1. WHO classification of tumours of the uterine corpus – smooth muscle tumors 2014 [13]
WHO classification of tumours of the uterine corpus –
smooth muscle tumors 2014 [13]


We conducted a retrospective clinical study. Patients with laparoscopic or open myomectomy performed between January 2002 and June 2017 and pathological findings containing the signs of LBN were searched in our database. All histology sections underwent expert second reading for confirmation of the diagnosis according to WHO classification 2014.

In our department, the special team of reproductive surgery has been established focusing on surgical treatment of fibroids, which makes the evaluation of subjective parameters (such as appearance of tumor) during surgery less heterogeneous. For extraction of fibroids during the laparoscopic surgery we commonly use laparoscopic power morcellation and only when the tumor has suspicious appearance (necrotic, disintegrating tissue), then the endoscopic retrieval bag is used to avoid potential dissemination of tumor cells.

After identifying the patients with LBN diagnosis we reviewed accessible medical documentation about the surgery, postoperative clinical course, and possible further data on re-admissions or re-interventions in our department. For information about actual health and follow-up we contacted all patients by email or phone. After all we documented and analyzed the following data: age at the time of surgery, preoperative symptoms, history of previous surgery of the uterus, number, size and the perioperative appearance of the fibroids, use of laparoscopic power morcellation, need of re-interventions due to recurrence of leiomyoma and their pathological results, actual clinical symptoms, length of follow-up and eventual post-myomectomy reproductive outcomes. We excluded women with follow-up shorter than six months for calculation of pregnancy and life birth rate. The study protocol was approved by the Ethics Committee of the General University Hospital in Prague.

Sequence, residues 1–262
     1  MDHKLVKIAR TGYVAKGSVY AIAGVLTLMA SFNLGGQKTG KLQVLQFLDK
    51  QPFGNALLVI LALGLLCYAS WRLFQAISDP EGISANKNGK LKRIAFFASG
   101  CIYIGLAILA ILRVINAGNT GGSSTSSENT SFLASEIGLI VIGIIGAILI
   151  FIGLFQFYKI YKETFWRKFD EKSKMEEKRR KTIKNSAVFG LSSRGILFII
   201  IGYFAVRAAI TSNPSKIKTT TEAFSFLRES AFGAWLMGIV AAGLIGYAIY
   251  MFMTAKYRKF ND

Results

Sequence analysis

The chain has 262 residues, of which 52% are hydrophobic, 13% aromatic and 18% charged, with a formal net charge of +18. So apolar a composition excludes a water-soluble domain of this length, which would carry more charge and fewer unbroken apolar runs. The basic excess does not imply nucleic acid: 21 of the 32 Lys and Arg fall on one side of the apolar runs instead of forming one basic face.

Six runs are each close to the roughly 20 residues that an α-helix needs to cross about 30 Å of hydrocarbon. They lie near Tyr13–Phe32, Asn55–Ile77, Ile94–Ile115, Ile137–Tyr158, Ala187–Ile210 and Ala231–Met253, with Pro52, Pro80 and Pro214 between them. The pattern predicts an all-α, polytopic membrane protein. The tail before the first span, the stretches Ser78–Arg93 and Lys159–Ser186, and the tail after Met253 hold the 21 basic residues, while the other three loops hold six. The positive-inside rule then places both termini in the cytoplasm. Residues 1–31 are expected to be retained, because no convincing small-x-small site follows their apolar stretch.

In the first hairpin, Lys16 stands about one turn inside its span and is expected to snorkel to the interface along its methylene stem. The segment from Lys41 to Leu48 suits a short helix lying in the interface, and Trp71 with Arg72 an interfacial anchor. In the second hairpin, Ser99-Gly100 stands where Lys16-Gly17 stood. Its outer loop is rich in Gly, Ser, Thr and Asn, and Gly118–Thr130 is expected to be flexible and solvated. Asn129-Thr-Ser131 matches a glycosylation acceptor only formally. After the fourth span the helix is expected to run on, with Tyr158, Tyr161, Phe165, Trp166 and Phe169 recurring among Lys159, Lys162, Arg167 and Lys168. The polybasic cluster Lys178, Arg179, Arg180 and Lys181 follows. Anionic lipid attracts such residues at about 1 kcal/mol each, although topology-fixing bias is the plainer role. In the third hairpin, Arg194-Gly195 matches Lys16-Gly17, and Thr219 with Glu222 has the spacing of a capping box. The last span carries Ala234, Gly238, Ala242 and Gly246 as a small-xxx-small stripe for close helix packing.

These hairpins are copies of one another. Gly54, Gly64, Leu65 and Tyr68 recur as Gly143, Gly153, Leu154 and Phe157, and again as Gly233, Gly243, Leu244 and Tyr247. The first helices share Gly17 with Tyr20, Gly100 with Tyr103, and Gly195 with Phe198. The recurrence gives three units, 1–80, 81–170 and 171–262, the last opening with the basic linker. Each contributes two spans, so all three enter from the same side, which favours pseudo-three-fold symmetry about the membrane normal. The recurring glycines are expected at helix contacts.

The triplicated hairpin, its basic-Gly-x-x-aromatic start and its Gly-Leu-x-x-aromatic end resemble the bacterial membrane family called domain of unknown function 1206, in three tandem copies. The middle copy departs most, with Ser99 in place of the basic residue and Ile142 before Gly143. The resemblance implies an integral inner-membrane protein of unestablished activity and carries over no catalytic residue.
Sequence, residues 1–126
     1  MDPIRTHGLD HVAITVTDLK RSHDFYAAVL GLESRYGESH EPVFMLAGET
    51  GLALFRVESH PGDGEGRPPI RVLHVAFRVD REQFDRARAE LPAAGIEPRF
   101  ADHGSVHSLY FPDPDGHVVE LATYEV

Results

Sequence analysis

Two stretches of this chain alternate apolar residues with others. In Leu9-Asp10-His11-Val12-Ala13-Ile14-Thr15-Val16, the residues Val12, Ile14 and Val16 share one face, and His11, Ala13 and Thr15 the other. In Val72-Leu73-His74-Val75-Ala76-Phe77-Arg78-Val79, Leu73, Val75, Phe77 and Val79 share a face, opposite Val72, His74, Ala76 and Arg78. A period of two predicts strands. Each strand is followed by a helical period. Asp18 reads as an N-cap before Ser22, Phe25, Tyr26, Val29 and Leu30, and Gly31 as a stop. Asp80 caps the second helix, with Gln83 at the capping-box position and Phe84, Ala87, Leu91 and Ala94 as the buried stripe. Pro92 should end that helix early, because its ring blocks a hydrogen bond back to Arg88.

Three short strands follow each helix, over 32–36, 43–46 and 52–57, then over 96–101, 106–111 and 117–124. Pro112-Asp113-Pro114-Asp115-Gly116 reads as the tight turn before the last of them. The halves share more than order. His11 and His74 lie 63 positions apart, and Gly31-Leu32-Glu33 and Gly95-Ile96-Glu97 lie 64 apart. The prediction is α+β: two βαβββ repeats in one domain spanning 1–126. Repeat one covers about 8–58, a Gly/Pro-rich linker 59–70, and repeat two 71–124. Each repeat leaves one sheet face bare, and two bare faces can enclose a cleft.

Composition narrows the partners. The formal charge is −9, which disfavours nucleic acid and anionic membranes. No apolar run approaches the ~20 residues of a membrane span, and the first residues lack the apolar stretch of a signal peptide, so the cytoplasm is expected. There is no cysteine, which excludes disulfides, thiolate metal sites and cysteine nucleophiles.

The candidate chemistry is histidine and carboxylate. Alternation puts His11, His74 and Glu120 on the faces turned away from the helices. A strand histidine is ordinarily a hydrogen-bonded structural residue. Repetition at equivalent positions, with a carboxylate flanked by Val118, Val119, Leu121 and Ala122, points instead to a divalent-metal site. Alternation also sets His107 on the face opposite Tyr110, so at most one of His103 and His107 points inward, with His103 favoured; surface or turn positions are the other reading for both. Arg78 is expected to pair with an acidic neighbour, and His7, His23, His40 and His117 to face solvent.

After searching in our database, out of 1680 patients with myomectomy performed in our department 37 patients (2.2%) met the criteria of LBN. The age of the women at time of the surgery ranged from 23 to 45 years (median 34.0 years, average 34.4 years). Out of 37 patients, 25 (67.6%) had fibroid-related symptoms before surgery: hypermenorrhea in 11 women (29.7%), dysmenorrhea in eight (21.6%), combination of hypermenorrhea and dysmenorrhea in four patients (10.8%), hypermenorrhea and lower abdominal pressure in one (2.7%) and only pressure in one woman (2.7%). Twelve patients were asymptomatic and the surgery was indicated for diameter of the dominant fibroid 5cm or larger on the ultrasound in 11 cases and for secondary infertility in one case. Three patients with diagnosis of LBN underwent previous myomectomy with histological findings of typical leiomyoma in one and cellular leiomyoma in two cases.

Out of 37 patients 30 (81.1%) had laparoscopic procedure (without any conversion to laparotomy) and seven women (18.9%) underwent elective open myomectomy due to the size and/or number of fibroids. Average diameter of the largest leiomyoma was 5.7 cm (from 4 up to 10 cm) and we enucleated 2.5 leiomyomas per surgery in average ranging from 1 to 10 leiomyomas. There was logically no problem with tumor extractions in open procedures. From 30 laparoscopic myomectomies, we used the retrieval bag only twice (6.6%) in tumors with suspicious necrotic appearance (Fig. 1). In all other cases we used laparoscopic power morcellation. Completely normal perioperative appearance of leiomyomas was described in 27 cases (73.0%), in the rest of them we found the appearance somehow abnormal, which meant that the fibroid had at least one of the following signs: soft, disintegrating, hard to separate from the health tissue, containing necrosis or other type of tissue regression.